Information identified as archived is provided for reference, research or recordkeeping purposes. It is not subject to the Government of Canada Web Standards and has not been altered or updated since it was archived. Please "contact us" to request a format other than those available.
Prescription medications, over-the-counter (OTC) products, and natural and alternative medicines are widely used in Canada, especially by seniors. But while medications play an important role in health care and disease management, their use is not without risk.1
Multiple medication use (prescription or OTC) is a common concern in relation to seniors’ health.2-5 In 2005, pharmacists dispensed an average of 35 prescriptions per person aged 60 to 79, and 74 prescriptions per person aged 80 or older, compared with an overall average of 14 prescriptions per Canadian.6 People who take several medications at once are more likely to have adverse drug reactions; seniors are particularly vulnerable because of co-morbidity and physiological changes that come with age.3, 4, 7-9
There is a need in Canada for information about the number of seniors who use medications and those who have an elevated risk of drug-related adverse events from multiple medication use. The current study addresses these issues with data from nationally representative samples of seniors living in private households and in long-term health care institutions (see The data). In addition, the study reveals the most commonly reported types of medications and health-related factors associated with seniors’ medication use.
Nearly all residents of health care institutions were current medication users: 97% had taken some form of medication in the past two days (Table 1). As well, a large majority (76%) of seniors living in private households had done so.
Percentage using medications and multiple medications in past two days, by selected characteristics, household and institutional populations aged 65 or older, Canada excluding territories, 1998/1999 (households) and 1996/1997 (institutions)
Among the household population, women were more likely than men to have taken medications in the past two days, and seniors aged 75 to 84 were more likely to have done so than those aged 65 to 74. Differences based on educational attainment or the use of proxy reporters were not evident.
For seniors in institutions, the likelihood of taking medication did not differ by sex, age group, educational attainment, or proxy response.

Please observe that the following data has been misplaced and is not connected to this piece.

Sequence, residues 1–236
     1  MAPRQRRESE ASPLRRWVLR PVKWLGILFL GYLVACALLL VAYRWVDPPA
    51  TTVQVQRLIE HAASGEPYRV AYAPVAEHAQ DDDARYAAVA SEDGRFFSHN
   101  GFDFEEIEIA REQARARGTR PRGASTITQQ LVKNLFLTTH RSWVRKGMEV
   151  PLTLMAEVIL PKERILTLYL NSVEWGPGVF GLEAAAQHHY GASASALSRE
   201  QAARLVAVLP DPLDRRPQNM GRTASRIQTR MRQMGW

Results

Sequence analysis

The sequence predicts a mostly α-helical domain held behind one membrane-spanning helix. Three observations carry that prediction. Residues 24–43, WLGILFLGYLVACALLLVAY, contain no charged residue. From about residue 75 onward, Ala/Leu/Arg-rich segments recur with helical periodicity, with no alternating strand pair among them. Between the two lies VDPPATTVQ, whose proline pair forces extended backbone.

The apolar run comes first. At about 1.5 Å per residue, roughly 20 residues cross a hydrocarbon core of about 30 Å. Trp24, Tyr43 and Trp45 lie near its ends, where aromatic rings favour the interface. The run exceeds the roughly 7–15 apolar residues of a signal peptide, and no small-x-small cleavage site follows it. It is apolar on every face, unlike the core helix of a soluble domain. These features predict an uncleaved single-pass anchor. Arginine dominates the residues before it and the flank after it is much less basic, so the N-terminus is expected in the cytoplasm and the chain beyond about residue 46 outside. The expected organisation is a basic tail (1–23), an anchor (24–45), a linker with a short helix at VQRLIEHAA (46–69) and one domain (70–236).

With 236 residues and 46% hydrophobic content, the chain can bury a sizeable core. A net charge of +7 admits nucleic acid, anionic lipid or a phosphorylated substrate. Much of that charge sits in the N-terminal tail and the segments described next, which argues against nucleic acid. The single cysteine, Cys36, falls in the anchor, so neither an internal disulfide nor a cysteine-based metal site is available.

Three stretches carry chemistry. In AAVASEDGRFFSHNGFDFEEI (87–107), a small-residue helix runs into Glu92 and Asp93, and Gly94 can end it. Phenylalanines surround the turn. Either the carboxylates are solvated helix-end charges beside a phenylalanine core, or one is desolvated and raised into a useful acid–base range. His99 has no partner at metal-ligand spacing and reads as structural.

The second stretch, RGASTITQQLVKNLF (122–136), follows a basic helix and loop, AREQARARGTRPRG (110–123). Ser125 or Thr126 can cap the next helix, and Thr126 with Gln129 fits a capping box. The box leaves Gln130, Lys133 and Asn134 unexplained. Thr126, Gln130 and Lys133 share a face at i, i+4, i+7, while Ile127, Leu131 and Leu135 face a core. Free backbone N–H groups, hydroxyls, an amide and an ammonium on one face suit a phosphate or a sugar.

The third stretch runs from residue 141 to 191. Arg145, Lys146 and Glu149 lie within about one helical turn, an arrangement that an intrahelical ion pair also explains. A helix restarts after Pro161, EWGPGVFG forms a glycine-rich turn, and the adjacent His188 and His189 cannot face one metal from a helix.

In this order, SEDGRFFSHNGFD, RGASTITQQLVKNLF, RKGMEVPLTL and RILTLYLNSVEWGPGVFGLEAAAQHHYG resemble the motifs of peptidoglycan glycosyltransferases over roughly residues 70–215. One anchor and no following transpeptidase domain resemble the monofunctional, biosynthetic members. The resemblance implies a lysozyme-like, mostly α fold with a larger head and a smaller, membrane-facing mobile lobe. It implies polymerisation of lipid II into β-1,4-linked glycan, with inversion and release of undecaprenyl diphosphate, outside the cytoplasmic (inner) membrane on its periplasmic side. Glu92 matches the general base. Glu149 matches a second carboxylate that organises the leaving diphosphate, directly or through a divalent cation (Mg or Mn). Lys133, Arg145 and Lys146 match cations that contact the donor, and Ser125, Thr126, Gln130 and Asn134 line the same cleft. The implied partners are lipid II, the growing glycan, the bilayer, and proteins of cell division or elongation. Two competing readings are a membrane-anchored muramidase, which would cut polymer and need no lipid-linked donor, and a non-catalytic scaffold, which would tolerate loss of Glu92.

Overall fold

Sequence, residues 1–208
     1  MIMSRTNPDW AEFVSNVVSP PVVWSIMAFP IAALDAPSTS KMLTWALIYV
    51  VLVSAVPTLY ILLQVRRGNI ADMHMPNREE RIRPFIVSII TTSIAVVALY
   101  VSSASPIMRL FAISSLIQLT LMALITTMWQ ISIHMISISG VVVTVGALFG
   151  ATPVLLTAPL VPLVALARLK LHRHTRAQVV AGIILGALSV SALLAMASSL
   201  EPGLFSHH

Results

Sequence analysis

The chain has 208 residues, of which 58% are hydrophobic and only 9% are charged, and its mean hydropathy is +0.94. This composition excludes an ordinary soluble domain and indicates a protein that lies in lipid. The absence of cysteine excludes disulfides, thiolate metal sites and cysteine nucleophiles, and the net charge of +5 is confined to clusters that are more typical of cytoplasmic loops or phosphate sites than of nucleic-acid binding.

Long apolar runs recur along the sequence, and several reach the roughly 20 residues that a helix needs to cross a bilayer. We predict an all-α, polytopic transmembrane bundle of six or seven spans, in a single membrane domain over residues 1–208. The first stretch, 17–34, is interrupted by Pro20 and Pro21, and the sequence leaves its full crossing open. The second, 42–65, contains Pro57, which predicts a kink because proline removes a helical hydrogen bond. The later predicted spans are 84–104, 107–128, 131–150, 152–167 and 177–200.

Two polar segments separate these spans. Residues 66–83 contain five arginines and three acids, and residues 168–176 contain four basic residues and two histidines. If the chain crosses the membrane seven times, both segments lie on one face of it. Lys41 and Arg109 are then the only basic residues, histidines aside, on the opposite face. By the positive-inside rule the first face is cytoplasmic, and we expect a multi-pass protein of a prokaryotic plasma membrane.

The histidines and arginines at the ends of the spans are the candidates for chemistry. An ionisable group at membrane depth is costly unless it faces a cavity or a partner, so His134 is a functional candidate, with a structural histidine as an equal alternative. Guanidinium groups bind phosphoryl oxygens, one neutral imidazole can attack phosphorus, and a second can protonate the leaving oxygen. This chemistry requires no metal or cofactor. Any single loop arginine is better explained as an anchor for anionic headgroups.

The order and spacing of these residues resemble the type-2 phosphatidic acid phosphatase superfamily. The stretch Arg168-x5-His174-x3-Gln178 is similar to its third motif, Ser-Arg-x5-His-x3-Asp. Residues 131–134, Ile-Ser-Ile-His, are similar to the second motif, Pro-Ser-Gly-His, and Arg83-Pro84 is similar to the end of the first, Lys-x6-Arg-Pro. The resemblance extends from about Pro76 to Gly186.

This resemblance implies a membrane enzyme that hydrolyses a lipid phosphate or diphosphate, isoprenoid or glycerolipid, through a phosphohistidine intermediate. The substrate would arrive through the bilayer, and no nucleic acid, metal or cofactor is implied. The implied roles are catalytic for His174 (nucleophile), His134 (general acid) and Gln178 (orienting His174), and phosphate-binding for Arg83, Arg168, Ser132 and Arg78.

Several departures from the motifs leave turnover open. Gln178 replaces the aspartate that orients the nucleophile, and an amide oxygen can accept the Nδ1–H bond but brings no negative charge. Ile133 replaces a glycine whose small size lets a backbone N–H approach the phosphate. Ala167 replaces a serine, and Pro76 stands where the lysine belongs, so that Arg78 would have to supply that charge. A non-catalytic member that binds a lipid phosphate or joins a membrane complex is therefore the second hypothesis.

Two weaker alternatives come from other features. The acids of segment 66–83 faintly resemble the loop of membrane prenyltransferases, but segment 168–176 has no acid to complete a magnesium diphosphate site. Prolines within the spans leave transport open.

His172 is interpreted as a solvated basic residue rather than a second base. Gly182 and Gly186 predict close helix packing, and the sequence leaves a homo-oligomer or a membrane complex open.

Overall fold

Multiple medication use (taking five or more different drugs in the past two days) was reported for 53% of seniors in health care institutions and 13% of those in private households (Table 1, Figure 1). The likelihood of multiple medication use did not differ by sex, regardless of whether seniors lived in private households or in institutions.
Percentage using medications in past two days, by number of medications, household and institutional populations aged 65 or older, Canada excluding territories, 1998/1999 (households) and 1996/1997 (institutions)
Only among household residents was there a difference by age group—those aged 75 to 84 were more likely to be multiple medication users than were younger seniors (16 % compared with 11%). For institutionalized seniors, those who relied on proxy reporters were significantly less likely to report multiple medication use (45%) than were those who responded on their own behalf (65%).
Medication use, including the use of multiple medications, tended to be positively associated with indicators of ill health. For example, seniors who assessed their general health as poor were more likely to have used five or more different medications in the past two days than were those in better health (Table 2). As well, the number of chronic conditions reported, the presence of chronic pain, and having specific chronic conditions were associated with medication use (Table 2). Even when sex, age, education, and proxy reporter were taken into account, the presence of chronic pain and a greater number of chronic conditions were each independently associated with higher odds of using multiple medications in the fully controlled model (Table 3).
Percentage using medications and multiple medication in past two days, by self-perceived health, chronic pain and other major chronic conditions, household and institutional populations, aged 65 or older, Canada excluding territories, 1998/1999 (households) and 1996/1997 (institutions)
Adjusted odds ratios relating multiple medication use to selected characteristics, household and institutional populations, aged 65 or older, Canada excluding territories, 1998/1999 (households) and 1996/1997 (institutions)